The Smart Way to Look at Stock Charts

Photo by NASA

Yes, there are more ways than one to look at a stock chart.

I often hear comments about investing from those who are interpreting stock charts incorrectly. Let me show you what I mean. Here is a standard chart of the S&P 500 index from 1950 to 2010.

Linear Stock Chart
Source: Yahoo! Finance on 9/29/2010

Based on a chart like this, it’s easy to conclude that:

  • The returns from 1985 to 2000 were significantly higher than the returns from 1950 to 1985.
  • The returns since 2000 have been far more volatile than any time since 1950.

In fact, if you chart almost any stock, mutual fund or index over a long period of time, it will have this basic shape: a very flat curve initially, then a rapid increase in the most recent period. Seeing this pattern repeatedly, it is easy to conclude that this is a property of stock prices. Unfortunately, what you are seeing is just a quirk of typical stock charts.

Let’s look at the S&P 500 chart again, but this time after changing one setting.

Log Stock Chart
Source: Yahoo! Finance on 9/29/2010

Using this version of the chart, the conclusions above seem to be technically correct, but certainly not to the same degree. Returns and volatility look to be far more steady over time.

What’s the difference? The first chart is built using a linear scale, while the second one uses a logarithmic scale. Uh, let me try again. A linear chart graphs differences in value equally, so a 100 point change today (about a 10% change) would look the same as a 100 point change in 1985 (about a 50% change). Meanwhile, a logarithmic chart graphs percentage differences equally, so a 10% change today (about a 100 points) would look the same as a 10% change in 1985 (about 20 points).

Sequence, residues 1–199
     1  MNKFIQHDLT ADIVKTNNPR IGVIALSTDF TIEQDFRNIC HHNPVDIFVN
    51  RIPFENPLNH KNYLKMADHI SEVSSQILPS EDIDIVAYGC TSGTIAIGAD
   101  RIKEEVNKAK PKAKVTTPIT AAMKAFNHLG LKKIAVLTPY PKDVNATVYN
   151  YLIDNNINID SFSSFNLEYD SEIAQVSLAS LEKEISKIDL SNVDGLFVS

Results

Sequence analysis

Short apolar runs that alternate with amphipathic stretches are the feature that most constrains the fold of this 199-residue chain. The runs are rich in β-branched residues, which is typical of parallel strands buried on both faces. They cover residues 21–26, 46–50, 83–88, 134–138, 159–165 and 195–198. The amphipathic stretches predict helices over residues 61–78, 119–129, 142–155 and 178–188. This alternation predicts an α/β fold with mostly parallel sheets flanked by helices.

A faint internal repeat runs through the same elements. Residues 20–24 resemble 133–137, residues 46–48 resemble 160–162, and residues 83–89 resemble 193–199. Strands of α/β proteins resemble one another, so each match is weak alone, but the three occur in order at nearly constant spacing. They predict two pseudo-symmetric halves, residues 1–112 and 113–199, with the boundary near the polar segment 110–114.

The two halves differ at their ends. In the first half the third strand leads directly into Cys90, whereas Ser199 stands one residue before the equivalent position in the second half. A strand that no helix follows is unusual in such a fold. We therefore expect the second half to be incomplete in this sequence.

Let’s compare these two with a simple example: an investment that grows by 10% each year for 50 years. A linear chart would show an initially flat curve that increases dramatically at the end. A logarithmic chart would show a straight, upward sloping line. Which is visually more representative of a steady 10% return?

Next time you pull up a stock chart on Yahoo or Google, remember to use a logarithmic chart to avoid overemphasizing recent returns.


  1. ben says:

    thanks for the insight. I’ve never thought to switch to a logarithmic view when I looked at charts so knowing this def helps going forward. question though…how come some sites such as google finance doesn’t just set its default chart view as logarithmic? in other words, what’s the value in looking at the linear scale if it doesn’t truly represent historical behavior?

    good thing is, I use yahoo finance for most of my chart viewing, and their default view is logarithmic!

  2. Edwin Choi says:

    I don’t mind that Google and others use linear charts by default. Otherwise, they would have a lot of confused users expecting a standard linear chart. I believe both Google and Yahoo allow users to set their own default setting, so you only need to set it once.

    Linear charts are fine for short-term performance without material changes in value. But if you’re looking at decades of performance, the distortions in a linear chart make it very misleading.